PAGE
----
But now many countries and states have abolished the practice. Including almost all countries in Europe, the South Pacific and Latin America and Canada.
Places where the death penalty still exists include the United States, Guatemala, most of the Caribbean and the majority of democracies in Asia and Africa.
In 2003, the first World Day Against the Death Penalty took place. The event was launched by the World Coalition Against the Death Penalty.
The coalition says on their website that their ultimate objective is “to obtain the definitive abolition of death sentences and executions in those countries where the death penalty is in force.”
And that was Stick News for Wednesday the 10th of October.
What do you think of the death penalty?
Honestly, truthfully, um, I’m not exactly against it for one reason. I know that if it was me, and you leave me alone and you touch somebody that’s mine, I will kill you. So, let them get you before I do.
Well, it depends on the situation, because if it’s like, if someone’s murdered, like, death for death, I don’t find is right. So, it really depends on the situation, I guess, for now. And of course other countries believe different things too. So … but, here, I don’t really believe that’s right.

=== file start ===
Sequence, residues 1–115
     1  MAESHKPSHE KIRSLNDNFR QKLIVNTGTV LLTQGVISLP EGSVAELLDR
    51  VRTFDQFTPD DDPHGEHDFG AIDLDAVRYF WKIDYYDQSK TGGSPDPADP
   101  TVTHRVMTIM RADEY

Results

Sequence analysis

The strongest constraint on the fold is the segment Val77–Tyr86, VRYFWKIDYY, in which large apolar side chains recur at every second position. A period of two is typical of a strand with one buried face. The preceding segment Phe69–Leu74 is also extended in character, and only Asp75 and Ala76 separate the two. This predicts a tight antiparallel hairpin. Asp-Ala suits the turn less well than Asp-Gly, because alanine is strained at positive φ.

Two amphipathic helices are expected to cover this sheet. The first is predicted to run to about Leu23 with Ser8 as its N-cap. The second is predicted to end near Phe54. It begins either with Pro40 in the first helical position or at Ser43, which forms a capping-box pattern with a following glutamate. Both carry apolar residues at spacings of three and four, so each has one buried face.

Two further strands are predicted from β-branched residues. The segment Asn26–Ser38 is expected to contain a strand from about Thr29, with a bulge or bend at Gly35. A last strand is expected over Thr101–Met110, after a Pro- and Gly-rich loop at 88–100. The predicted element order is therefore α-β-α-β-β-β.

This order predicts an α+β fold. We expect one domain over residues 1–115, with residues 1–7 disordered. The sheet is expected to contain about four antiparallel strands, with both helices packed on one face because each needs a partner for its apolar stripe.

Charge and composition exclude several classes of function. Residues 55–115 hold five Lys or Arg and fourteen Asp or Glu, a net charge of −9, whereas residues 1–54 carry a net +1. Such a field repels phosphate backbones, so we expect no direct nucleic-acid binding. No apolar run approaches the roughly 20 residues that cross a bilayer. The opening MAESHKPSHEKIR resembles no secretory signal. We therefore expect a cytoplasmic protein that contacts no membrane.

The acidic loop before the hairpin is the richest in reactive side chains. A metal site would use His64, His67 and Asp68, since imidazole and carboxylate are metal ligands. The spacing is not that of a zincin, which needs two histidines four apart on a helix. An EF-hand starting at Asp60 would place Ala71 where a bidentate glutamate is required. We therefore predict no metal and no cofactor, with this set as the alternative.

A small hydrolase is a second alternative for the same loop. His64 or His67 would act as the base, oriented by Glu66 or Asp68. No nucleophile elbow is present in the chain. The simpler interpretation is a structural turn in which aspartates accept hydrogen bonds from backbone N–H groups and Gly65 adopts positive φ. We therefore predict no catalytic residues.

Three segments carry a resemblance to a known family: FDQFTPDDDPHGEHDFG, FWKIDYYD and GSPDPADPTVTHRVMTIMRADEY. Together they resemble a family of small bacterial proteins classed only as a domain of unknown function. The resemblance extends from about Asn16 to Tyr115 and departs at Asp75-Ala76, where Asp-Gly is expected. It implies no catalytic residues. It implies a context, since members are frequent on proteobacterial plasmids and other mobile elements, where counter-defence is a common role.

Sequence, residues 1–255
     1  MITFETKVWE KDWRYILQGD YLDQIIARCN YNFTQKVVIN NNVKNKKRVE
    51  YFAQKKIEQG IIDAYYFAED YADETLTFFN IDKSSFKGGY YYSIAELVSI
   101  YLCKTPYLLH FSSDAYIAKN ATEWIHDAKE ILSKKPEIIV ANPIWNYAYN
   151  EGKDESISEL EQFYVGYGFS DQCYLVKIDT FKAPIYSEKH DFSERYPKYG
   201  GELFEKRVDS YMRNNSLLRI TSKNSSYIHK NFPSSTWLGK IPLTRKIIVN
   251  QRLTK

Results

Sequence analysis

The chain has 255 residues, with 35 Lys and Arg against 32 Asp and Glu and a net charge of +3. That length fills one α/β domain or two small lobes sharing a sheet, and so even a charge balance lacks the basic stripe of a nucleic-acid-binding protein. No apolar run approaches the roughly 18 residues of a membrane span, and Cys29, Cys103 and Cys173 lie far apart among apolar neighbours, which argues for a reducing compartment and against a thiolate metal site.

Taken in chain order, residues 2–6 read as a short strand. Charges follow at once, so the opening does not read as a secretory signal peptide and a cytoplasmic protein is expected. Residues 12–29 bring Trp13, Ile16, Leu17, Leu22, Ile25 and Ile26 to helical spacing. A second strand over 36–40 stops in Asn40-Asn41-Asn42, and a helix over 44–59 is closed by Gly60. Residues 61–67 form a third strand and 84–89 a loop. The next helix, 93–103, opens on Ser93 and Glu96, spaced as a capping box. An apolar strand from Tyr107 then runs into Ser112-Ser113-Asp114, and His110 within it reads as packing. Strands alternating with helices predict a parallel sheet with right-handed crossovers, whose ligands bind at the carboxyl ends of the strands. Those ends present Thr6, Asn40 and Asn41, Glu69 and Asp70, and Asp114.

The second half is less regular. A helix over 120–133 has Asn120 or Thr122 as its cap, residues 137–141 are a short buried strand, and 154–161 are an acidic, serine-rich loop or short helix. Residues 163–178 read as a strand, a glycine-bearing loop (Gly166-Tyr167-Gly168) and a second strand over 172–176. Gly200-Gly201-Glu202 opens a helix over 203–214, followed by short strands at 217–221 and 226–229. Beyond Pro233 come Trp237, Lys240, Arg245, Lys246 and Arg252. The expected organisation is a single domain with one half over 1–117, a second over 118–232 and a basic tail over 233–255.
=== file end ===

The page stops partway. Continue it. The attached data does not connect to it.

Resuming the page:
I think it’s wrong because you don’t know … what happens if someone’s innocent? You can’t exactly go back on it.
Um, I really don’t think that it should be up to us to decide who lives, who dies, um, it … I don’t want that responsibility and I don’t feel like I can trust someone else with that either.
I think, um, I don’t necessarily agree with it completely. But I also don’t agree with um, guys, like someone committing a crime, like murder and then being let out of prison years later and then recommitting that crime. So either way, I don’t necessarily agree with it, but at the same time, I don’t agree with not having it.
conversations with sarah
#325 Do you agree with the death penalty?
Step 1: Repeat Jenny’s lines.
Step 2: Read Jenny’s lines and talk to Sarah.
Sarah Do you agree with the death penalty?
Sarah Really? Why?
Jenny I think some crimes are so bad that they deserve it.
Sarah Like killing people?
Jenny Yes. And I think it helps the families of the victims.
Sarah Really? But from what I’ve read often the victims’ families don’t actually support the death penalty.
Jenny So you don’t support it?
Jenny How about when a person kills a lot of people?
Sarah No matter what they do, I don’t agree. I don’t think we can really stop killing by killing more.
Jenny Well, how can we stop it?
Sarah Well, maybe we can’t. But if the death penalty doesn’t even help, then we shouldn’t do it.
Jenny But they need to be punished for their crime.
Sarah Yeah, maybe. But anyway, you can punish people without killing them. And what about all the wrongful convictions? There are a lot of them. And once someone is dead, that’s it.
Death Penalty at Wikipedia
artist: San Sebastian
track: Happy Sad